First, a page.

Social Media for the CIO, Part 3: Social Media Compliance


In the first two parts of our series, “Social Media for the CIO”, we explored how a CIO can consolidate governance over social media assets and then lock down social media security across an organization. In Part 3, you’ll learn 6 steps a CIO can take to ensure policy compliance for all social media activity.

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As organizations rely more and more on technology to meet their compliance obligations, CIOs are becoming vital partners to chief compliance officers (CCOs) and chief risk officers (CRO). The typical CIO can offer a valuable overall perspective on the enterprise’s operations and help compliance professionals integrate new modes of communication like social media into existing systems for compliance workflow, policy enforcement, and archiving.

Here are 6 ways the CIO can make social media compliance a reality:

1. Protect Social Media Assets

There’s a reason social media compliance is the subject of our third CIO post and not the first: no compliance policy can work without stable enterprise governance over social media accounts or comprehensive security measures to protect them. If an enterprise doesn’t have centralized control over user access levels to social media assets or the ability to keep hackers on the outside looking in, it’s impossible to ensure compliance with non-disclosure regulations, consumer privacy laws or even brand use guidelines.

The SEC has ruled that publicly traded companies may use Twitter, Facebook, LinkedIn and other social networks to communicate with shareholders, as long as they are “recognized channels of distribution.” To keep compliant with fair-disclosure rules, an organization must publicly identify the specific social media accounts it intends to use to disclose material information. But it’s also critical that these social media accounts are brought under the governance of an organization’s social relationship platform and publishing approval process.

2. Maintain Compliance Workflow

A CIO can remove an enormous stumbling block to an organization’s social media programs by bringing social media publishing into the organization’s regular compliance workflow. When all regulated social media accounts are managed by a single social relationship platform, any outbound messages can be held in a publishing queue until approved by a compliance officer. Compliance officers can review social messages from within the same system the organization uses to draft, schedule and publish its content, eliminating tiresome email threads between content producers and compliance officers. By deploying technology that’s as easy to use for compliance professionals as it is for marketers and salespeople, the CIO can accelerate publishing turnaround and allow the organization to scale up its social activity.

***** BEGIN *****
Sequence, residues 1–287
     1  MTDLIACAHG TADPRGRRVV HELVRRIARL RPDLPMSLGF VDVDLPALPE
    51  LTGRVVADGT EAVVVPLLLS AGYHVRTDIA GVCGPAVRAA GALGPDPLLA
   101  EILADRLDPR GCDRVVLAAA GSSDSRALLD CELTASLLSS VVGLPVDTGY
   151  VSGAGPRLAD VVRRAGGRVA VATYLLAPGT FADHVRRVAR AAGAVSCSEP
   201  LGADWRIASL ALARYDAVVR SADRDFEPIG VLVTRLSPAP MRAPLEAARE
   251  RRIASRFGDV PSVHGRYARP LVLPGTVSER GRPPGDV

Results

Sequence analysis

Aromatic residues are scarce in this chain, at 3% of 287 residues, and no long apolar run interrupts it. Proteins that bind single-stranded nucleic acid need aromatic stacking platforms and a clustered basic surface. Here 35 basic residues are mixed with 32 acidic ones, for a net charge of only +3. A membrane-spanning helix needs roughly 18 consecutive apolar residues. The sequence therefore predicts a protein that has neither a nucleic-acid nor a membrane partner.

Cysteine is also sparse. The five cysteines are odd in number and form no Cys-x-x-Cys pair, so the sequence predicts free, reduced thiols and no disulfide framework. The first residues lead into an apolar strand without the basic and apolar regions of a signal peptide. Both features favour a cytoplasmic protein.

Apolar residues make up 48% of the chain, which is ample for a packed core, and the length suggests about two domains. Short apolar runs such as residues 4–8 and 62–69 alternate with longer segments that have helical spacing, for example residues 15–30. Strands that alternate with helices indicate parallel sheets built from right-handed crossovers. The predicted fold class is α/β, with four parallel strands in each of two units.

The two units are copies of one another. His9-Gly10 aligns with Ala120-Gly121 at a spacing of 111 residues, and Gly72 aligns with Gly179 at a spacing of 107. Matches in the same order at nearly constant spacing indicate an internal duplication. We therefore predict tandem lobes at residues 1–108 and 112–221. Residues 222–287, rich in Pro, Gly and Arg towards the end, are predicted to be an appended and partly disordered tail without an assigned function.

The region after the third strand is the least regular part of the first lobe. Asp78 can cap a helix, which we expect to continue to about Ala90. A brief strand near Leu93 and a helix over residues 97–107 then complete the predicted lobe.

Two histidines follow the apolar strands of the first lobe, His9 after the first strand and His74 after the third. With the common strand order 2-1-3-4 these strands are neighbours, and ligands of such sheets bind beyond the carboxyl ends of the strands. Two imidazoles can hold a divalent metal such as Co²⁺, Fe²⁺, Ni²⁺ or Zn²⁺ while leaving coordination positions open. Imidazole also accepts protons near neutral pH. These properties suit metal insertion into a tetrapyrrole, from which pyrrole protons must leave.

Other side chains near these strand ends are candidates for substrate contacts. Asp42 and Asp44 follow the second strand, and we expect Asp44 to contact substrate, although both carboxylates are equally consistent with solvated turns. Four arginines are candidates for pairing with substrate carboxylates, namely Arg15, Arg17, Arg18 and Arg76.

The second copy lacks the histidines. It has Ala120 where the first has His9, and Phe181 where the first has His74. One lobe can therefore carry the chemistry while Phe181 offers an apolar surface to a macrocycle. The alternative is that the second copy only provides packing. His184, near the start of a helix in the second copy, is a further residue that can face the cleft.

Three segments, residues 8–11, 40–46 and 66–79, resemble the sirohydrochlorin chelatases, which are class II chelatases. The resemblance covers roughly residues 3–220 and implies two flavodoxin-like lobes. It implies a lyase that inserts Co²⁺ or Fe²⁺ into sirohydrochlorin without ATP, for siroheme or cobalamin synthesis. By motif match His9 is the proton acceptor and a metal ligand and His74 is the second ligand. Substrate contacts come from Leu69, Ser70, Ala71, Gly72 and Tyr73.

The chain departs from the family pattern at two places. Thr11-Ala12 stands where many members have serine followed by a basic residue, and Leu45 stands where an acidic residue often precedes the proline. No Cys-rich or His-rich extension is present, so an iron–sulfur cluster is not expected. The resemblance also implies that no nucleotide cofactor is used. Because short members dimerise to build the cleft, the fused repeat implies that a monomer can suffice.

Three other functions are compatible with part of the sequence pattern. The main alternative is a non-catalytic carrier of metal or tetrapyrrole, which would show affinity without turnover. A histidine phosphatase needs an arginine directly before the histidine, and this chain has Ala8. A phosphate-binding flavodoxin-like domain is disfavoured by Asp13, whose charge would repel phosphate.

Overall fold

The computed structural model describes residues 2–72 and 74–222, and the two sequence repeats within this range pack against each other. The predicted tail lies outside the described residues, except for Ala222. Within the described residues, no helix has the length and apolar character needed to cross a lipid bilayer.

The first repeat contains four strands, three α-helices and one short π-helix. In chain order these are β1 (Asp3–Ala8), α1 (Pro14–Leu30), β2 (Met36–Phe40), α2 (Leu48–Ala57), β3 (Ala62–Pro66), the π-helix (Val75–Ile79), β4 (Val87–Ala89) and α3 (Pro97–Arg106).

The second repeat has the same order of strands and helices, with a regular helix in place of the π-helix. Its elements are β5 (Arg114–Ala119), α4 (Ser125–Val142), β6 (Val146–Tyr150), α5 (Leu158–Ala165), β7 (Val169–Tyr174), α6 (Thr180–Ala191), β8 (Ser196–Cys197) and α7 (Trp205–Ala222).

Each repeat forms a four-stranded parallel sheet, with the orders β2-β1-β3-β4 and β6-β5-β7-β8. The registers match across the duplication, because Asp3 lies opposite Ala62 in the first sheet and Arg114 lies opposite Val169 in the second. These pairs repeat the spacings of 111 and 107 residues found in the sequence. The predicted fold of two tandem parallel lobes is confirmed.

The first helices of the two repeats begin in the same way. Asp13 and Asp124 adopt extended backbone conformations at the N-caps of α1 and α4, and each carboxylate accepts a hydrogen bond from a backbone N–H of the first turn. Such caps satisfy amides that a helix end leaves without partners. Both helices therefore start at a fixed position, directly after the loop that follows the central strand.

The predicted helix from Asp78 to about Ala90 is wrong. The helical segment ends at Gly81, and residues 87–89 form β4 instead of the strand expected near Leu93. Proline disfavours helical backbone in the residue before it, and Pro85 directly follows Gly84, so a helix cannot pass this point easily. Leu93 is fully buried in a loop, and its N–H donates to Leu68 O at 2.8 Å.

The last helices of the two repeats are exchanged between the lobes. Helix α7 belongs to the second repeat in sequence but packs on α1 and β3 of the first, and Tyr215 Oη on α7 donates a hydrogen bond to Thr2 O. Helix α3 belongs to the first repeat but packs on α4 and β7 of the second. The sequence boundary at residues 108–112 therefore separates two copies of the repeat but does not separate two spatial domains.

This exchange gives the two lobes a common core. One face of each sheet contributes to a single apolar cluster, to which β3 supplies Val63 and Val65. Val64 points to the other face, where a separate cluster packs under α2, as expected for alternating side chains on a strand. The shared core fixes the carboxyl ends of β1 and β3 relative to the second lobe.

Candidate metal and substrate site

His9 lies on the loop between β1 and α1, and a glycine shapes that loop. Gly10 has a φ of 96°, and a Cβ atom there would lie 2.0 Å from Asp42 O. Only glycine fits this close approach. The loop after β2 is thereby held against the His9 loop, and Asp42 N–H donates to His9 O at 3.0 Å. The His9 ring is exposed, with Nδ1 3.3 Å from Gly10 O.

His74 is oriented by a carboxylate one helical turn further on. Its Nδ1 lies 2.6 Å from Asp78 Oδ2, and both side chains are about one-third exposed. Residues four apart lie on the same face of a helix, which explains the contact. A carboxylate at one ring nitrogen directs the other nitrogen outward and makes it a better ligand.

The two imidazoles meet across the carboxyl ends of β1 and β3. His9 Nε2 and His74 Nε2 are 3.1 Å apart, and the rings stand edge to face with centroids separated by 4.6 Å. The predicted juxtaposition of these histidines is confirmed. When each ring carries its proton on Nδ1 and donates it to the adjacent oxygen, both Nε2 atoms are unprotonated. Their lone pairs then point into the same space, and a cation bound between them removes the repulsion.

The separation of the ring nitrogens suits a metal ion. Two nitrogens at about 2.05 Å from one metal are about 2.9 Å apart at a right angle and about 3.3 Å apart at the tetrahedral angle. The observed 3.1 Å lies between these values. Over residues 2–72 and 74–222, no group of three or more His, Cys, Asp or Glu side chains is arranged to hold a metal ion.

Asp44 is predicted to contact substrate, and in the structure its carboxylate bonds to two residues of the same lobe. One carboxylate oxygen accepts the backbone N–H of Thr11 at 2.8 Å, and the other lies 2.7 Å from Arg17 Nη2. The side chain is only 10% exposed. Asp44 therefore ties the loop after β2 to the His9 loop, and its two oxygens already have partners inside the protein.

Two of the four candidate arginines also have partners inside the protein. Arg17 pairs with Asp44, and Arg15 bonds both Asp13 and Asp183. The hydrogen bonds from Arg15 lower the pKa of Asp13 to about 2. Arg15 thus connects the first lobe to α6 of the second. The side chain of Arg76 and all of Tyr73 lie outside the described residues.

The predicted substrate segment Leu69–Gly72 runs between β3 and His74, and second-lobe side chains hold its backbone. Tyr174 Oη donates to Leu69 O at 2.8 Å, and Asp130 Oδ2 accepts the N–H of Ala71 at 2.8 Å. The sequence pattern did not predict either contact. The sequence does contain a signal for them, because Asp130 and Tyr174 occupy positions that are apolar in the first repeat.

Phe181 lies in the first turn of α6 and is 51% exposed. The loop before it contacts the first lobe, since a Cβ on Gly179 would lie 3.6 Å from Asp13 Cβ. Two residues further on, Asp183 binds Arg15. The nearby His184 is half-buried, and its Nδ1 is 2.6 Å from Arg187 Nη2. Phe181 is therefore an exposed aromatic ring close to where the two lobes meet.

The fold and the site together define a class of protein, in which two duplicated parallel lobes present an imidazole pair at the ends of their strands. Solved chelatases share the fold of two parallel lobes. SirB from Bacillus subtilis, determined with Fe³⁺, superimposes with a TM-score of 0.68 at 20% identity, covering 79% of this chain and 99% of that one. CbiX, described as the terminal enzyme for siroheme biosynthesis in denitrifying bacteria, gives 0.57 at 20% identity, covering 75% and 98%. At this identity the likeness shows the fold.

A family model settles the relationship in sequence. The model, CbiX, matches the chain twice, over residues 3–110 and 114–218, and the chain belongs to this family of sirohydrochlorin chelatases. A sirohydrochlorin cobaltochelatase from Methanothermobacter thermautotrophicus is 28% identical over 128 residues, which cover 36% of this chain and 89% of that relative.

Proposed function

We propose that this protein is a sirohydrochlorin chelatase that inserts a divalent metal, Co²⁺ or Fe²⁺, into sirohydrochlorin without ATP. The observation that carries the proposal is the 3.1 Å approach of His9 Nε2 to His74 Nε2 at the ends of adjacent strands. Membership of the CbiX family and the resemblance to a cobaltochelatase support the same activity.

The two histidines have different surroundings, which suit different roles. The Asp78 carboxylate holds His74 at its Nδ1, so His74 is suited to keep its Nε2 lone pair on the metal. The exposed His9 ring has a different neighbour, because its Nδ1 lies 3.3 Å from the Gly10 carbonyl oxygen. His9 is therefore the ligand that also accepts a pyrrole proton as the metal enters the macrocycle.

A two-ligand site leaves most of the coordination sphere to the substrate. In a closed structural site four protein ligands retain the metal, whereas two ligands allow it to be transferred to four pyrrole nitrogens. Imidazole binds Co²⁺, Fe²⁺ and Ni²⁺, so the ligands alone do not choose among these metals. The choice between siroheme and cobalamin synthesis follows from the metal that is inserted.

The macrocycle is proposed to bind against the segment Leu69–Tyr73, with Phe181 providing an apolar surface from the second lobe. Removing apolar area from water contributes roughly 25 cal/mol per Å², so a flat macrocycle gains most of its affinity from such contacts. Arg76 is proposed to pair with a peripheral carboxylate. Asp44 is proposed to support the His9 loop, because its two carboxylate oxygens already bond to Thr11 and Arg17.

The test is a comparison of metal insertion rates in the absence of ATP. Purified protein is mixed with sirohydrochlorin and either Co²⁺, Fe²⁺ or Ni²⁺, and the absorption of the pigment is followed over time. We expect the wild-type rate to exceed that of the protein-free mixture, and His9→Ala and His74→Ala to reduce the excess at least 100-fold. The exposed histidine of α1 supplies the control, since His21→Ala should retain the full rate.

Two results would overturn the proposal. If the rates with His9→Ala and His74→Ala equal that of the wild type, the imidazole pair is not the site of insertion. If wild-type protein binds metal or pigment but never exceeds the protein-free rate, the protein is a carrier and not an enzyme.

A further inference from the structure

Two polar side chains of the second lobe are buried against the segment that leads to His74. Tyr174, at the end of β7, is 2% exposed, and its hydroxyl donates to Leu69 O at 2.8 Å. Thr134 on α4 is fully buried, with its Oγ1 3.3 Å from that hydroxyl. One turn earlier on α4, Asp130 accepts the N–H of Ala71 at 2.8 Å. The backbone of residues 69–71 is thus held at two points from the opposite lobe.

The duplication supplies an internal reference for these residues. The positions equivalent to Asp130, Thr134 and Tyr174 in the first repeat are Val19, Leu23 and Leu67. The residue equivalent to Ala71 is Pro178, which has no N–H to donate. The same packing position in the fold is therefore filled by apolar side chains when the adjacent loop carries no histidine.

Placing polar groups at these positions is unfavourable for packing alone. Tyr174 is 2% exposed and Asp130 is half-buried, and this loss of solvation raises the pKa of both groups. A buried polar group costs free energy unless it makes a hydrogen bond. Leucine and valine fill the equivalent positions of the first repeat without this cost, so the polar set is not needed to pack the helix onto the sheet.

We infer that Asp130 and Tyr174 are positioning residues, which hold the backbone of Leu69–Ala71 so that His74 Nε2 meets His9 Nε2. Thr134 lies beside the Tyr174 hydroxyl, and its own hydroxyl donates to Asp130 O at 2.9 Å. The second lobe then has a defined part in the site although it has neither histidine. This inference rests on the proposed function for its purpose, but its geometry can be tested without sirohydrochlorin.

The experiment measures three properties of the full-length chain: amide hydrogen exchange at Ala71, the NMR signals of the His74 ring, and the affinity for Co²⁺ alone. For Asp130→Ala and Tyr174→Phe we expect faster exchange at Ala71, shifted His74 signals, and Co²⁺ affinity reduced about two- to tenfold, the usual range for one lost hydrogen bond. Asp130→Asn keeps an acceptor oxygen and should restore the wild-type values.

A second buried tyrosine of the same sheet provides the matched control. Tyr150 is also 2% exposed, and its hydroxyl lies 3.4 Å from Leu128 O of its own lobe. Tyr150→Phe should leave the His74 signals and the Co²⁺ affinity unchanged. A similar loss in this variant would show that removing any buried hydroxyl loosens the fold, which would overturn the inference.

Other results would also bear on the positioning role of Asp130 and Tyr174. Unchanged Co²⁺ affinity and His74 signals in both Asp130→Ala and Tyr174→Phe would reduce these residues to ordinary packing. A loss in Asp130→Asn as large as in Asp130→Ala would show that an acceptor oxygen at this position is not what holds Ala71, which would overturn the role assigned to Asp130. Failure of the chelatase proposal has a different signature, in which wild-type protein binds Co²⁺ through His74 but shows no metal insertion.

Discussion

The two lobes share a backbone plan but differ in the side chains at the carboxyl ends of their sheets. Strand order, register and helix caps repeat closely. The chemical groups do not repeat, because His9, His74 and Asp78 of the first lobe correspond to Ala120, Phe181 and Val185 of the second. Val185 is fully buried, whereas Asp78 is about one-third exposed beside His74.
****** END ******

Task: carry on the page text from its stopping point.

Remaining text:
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Extra security measures in the social media publishing process, like two-step verification, help compliance officers maintain proper accounts.

3. Enforce Policies with Automated Tools

In addition to providing a smooth compliance workflow for manual publishing approvals, the CIO can implement technology for automated content filtering:

  • Data classifiers can be used to identify non-compliant language in outbound social messages and alert compliance officers of potential policy violations.

  • Anti-malware scans on URLs in social content can ensure that no bad links are sent out from designated accounts.

  • Non-compliant social content can be flagged for a compliance officer or removed immediately and archived for future auditing or ediscovery.